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Ghost Bike for dead cyclist


Summary of story from Huffington Post, October 30, 2011

A Ghost Bike has been placed at King’s Cross, in London, to commemorate the death of Min Joo Lee, a 24-year-old student cyclist who died there under the wheels of a heavy goods vehicle at the beginning of the month.

The static white Ghost Bike memorial is locked up on the pavement of the junction of York Way and Euston Road where Ms Lee was killed.

And it has been placed, like the other Ghost Bikes around the world, with deliberate intention: to create much-needed awareness and be a memorial to a tragedy.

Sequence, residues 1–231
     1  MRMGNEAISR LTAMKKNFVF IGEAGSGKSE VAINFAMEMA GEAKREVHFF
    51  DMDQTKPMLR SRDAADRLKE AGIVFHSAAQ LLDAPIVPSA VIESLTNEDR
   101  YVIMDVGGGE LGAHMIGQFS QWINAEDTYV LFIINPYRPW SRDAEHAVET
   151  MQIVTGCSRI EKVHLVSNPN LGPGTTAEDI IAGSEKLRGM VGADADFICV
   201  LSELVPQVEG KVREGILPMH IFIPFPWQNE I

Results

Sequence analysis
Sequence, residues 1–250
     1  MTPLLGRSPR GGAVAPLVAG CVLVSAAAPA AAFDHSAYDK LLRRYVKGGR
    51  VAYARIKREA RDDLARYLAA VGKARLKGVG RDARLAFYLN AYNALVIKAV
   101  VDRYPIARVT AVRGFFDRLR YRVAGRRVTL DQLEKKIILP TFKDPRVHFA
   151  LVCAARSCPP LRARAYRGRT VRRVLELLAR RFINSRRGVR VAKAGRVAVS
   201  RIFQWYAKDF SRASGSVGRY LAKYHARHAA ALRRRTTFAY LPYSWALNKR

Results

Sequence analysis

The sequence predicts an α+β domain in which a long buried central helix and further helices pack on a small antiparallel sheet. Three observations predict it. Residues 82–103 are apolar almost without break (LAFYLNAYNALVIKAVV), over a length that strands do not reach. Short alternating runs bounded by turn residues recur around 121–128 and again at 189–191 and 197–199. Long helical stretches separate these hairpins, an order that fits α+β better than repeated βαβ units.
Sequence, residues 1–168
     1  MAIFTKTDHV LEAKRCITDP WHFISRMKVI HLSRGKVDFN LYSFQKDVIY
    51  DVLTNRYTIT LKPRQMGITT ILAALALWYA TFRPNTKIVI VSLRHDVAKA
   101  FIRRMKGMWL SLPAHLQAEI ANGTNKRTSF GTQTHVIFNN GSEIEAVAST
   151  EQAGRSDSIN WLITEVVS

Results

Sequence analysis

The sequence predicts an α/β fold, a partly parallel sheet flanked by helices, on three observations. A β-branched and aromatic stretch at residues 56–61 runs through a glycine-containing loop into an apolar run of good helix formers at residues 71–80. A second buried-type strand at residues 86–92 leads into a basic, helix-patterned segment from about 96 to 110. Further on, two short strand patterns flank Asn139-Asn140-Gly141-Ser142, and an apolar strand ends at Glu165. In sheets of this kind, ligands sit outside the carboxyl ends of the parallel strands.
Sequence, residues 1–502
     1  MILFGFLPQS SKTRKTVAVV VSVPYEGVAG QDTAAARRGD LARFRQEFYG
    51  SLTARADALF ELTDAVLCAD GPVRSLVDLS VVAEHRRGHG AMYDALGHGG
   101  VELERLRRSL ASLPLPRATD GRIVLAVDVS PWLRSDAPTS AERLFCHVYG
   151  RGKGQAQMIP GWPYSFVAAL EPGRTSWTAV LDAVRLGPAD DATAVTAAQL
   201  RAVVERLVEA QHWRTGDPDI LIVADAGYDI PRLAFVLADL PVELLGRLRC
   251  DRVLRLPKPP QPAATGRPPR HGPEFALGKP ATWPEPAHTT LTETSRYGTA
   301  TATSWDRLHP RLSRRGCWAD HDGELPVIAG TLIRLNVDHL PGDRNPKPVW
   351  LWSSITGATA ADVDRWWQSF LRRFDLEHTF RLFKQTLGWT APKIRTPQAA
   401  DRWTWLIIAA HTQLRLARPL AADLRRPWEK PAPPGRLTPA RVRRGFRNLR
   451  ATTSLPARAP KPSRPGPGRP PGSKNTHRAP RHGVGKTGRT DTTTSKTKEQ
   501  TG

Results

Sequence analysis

In 2009 it was found that 10 out of 13 cyclists killed on the road were female, even though there are three times more men cyclists than women.

People are using two wheels now more than ever, more bikes than cars crossing London’s bridges during rush hour, and 4000 cyclists on the city’s roads now, compared to 750 in 1999.

Ms Lee has in some ways become a martyr to a long-standing cause. Cycling communities, the Green party and Camden councillors and residents have been asking for improvements to road safety around the King’s Cross junction, a now-deadly cycling black-spot.

Despite the daunting statistics, cyclists are urged to view the memorial as a way of raising cycling awareness and not promote fear in other female cyclists.

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